Handful of Extravaganza closers
Dancehall veterans, Bounty Killer and Beenie Man once again joined forces, and along with Sizzla, Popcaan, and Nesbeth, brought the curtains down on the 15th GT Taylor Christmas Extravaganza, which ended on the morning of Boxing Day at Independence Park, Black River, St Elizabeth. Advertised as 360 degrees of dance, reggae, and dancehall presentations, the concert lived up to its billing.
The combined close was not the organiser's initial plan. The five deejays were brought together as a consequence of the time allotted for later performances being severely restricted, but the concert could hardly have ended any better.
Dressed in his customary black, Bounty Killer raised the event's tempo and brought life back to the tired legs of the hundreds of patrons, who, in between several great performances, had to endure Ishawna's misfit set. It was clear she was either out of her depth or simply trying too hard in a failed bid to please the crowd.
Bounty Killer launched into his string of songs, adding social commentary to make his point. "We poor but we nah turn no body whore," he said as he castigated the Government for its treatment of the poor.
That lit up Independence Park and the crowd got more engaged with Bounty's performances before the entire venue erupted as the Warlord called on stage his one-time nemesis Beenie Man. "Whe me partner in crime deh? Whe me partner in crime deh?" Bounty demanded.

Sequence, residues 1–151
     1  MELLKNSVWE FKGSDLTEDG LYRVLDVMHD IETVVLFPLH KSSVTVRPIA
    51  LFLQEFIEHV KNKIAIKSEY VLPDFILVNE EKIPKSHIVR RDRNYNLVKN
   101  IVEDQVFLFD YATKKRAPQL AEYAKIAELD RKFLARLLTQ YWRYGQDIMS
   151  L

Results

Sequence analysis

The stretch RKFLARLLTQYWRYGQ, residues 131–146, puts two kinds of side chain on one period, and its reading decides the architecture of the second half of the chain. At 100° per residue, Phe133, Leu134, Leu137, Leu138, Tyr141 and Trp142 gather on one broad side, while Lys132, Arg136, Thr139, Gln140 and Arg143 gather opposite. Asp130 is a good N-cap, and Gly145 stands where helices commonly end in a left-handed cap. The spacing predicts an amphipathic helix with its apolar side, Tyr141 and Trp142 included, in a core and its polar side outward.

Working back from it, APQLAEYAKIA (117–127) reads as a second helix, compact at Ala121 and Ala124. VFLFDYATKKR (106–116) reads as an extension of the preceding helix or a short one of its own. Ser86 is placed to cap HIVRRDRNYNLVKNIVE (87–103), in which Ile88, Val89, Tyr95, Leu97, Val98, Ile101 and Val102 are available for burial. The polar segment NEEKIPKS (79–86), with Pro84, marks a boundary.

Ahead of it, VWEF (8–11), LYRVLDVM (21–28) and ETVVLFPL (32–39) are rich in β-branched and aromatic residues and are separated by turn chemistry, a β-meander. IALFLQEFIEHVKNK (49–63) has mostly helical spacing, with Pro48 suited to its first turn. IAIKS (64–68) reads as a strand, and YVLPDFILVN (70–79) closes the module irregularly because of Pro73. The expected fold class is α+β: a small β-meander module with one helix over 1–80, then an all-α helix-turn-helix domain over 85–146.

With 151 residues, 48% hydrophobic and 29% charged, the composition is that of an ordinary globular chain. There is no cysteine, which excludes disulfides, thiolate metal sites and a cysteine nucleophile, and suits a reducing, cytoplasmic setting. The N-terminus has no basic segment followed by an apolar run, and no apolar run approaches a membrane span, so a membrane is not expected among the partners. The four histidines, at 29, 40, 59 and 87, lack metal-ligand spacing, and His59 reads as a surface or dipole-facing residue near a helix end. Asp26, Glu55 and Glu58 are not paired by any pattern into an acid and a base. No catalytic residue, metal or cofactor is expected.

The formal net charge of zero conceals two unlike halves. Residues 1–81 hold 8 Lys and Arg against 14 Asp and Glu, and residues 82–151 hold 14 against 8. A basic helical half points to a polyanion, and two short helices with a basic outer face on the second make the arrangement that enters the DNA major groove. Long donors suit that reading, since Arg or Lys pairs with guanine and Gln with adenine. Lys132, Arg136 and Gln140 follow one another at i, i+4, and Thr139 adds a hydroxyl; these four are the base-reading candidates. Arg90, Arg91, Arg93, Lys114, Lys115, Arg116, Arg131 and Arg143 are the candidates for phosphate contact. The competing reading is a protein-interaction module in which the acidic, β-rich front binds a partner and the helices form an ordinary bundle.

And so began a lyrical trade-off that left patrons in awe as the two reeled off a long string of hits to please their fans. If that was not enough, they were joined by Popcaan and Sizzla then Nesbeth, who did his track My Dream, the five taking turns at the microphone.
Earlier, singer Freddie McGregor flowed with Africa Here I Come, To Be Poor Is A Crime, Prophecy, Push Come To Shove, and And So I'll Wait For You, among several other songs.
His stint set the tone for Romain Virgo, who delivered a workmanlike shift as a prelude to Ninja Man and Gully Bop's time on stage. The two lived up to expectations with several witty pieces, as they matched each other's ability to make tunes on the spot.
The wildly popular I-Octane left the audience wanting more after taking the stage at 2 a.m. for a spitfire 15-minute set, the deejay ripping into his substantial catalogue to please the crowd.
Bugle, Anthony Cruz, and I-Wayne also sparked, while the lesser-known Mr Kool showed class and style in his 10 minutes on stage.
Main organiser/producer of the Extravaganza, GT Taylor, was honoured for his outstanding service to the development of the local music industry.